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ANALYSIS: Along Schuylkill, improving quality of life means delivering on the details

Much has been said about major infrastructural changes recently undertaken around the Schuylkill River, University City, and surrounding environs.  Recent projects such as the new Grays Ferry Crescent Park, the Porch at 30th Street, continued trail connections along the Schuylkill Banks, and the Walnut Street Bridge Enhancement have made dramatic improvements, in very big ways, towards better physically and emotionally connecting Center City to its westerly neighbors.  The Atlantic Cities has taken notice, recently praising the Philly for its efforts at the Porch, taking space previously promised to automobiles and turning it over to pedestrians. 

With major projects funded, the City is now hammering out the details along the river to improve aesthetics and overall quality of life.  A recent example comes to us from the Schuylkill River Development Corporation (SRDC) and Philadelphia Parks and Recreation, who plan to landscape the west side embankment of the Schuylkill River along I-76 between Chestnut and Market Streets.

Improving quality of life is the name of the game for this development.  “The traffic on I-76 produces an audible and visual intrusion on Schuylkill Banks. This is especially true in the area of Market Street. The hope is that this would alleviate some of the noise and partially hide the traffic,” explains Lane Fike, Director of Capital Programs with SRDC.  “The area from Market to Chestnut has a concrete slab that offers an opportunity to install planters and screening.”

The group’s plan goes beyond screenings and plantings though, and includes sustainability and beautification measures such as green roofs and green wall features, planters with native trees, shrubs and meadow grasses and walls for climbing vines.  SRDC hopes these improvements will create a more pleasant vista and experience from the Schuylkill Banks across the river while creating a new habitat for migratory birds and other urban wildlife.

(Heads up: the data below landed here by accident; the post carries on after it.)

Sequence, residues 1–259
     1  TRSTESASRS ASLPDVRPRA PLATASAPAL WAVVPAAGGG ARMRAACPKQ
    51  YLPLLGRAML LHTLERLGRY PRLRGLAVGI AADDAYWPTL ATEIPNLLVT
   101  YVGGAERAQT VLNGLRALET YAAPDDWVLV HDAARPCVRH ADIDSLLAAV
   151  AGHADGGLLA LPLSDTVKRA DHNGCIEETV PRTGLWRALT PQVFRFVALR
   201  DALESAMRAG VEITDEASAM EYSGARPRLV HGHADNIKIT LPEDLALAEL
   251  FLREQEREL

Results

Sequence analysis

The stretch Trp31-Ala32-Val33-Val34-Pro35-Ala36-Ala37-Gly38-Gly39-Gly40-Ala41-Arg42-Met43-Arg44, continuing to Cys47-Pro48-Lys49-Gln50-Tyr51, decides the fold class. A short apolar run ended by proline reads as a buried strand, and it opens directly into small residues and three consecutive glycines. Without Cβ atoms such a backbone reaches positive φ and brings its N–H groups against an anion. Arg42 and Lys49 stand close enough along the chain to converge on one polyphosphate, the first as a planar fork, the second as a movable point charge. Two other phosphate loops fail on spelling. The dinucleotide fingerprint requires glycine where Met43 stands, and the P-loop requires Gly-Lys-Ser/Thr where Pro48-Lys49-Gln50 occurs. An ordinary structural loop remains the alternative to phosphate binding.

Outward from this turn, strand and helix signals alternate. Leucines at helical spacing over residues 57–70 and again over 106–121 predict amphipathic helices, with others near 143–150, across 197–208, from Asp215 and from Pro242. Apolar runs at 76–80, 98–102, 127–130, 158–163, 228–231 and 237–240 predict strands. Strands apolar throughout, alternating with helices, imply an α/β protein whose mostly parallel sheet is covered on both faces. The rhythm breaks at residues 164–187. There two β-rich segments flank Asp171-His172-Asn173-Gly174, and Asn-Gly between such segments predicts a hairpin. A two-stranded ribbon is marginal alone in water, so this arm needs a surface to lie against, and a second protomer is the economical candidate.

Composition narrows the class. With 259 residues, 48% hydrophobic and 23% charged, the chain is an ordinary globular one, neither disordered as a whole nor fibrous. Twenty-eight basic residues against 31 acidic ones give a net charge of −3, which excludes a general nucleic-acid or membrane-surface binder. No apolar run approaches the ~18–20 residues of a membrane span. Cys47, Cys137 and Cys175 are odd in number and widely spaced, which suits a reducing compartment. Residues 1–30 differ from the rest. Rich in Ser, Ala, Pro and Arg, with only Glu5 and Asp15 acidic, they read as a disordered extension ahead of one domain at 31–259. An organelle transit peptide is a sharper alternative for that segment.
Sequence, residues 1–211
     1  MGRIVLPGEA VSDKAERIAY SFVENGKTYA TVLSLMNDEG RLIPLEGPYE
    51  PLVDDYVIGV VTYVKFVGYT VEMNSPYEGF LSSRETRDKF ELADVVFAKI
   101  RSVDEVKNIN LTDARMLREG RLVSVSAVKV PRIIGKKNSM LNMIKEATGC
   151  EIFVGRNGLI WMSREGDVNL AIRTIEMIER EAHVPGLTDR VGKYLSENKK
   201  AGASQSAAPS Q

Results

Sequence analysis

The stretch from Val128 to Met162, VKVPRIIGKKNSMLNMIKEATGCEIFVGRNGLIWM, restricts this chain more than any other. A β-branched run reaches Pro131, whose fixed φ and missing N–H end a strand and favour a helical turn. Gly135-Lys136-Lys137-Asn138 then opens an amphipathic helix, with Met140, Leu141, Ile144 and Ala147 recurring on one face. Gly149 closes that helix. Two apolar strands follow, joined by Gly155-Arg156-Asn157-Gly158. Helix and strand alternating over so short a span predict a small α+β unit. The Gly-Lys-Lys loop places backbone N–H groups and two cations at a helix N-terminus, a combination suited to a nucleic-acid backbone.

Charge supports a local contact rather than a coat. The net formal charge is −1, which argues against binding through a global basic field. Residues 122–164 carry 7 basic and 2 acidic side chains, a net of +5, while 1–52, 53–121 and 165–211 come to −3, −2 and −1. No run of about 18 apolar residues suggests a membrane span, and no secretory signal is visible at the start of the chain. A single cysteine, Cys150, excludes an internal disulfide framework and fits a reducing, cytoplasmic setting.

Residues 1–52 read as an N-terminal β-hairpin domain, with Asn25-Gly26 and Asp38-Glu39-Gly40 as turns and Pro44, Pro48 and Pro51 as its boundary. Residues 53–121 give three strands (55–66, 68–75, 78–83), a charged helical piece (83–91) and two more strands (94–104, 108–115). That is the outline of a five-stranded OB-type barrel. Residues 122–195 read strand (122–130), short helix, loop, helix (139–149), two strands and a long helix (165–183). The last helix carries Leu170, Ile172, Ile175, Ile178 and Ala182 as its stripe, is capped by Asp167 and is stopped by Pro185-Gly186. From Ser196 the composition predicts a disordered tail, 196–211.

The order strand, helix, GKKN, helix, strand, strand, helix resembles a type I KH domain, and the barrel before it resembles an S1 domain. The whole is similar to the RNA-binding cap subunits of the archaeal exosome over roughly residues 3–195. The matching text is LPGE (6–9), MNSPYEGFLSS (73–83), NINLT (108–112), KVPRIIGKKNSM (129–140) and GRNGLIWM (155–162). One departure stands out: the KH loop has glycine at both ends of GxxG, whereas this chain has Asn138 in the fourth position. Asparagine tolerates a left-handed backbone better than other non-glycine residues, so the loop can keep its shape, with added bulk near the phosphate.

While not as glamorous as the recent major moves, and likely not worthy of the Atlantic Cities’ attention, this smaller ticket item, and others like it, stand to have a big impact for the people who actually use the river corridor on a daily basis: residents.     

On a broader scale, small moves like this mean a lot, especially when you take a step back and look at how public spaces represent the city they reside in.  Finessing the details not only shows a desire to improve quality of life, but implementing excellence to the last detail shows the value system of a city, something Philadelphians should be proud that our civic leaders are rightfully expressing along the Schuylkill River.

A start date for the project has yet to be determined, but state funding is already lined up and Pennoni Associates is already developing schemes and putting together designs to meet expectations.  Once underway, construction should take about 3 months to complete. 

According to Fike, expect similar, smaller scaled improvements along the river in months and years to come.  “If the project proves to be successful, other areas along I-76 could be considered for treatment. However, because of varied existing conditions, treatments other than planters and screening may have to be investigated.” 

Source: Lane Fike, Schuylkill River Developmet Corporation
Writer: Greg Meckstroth
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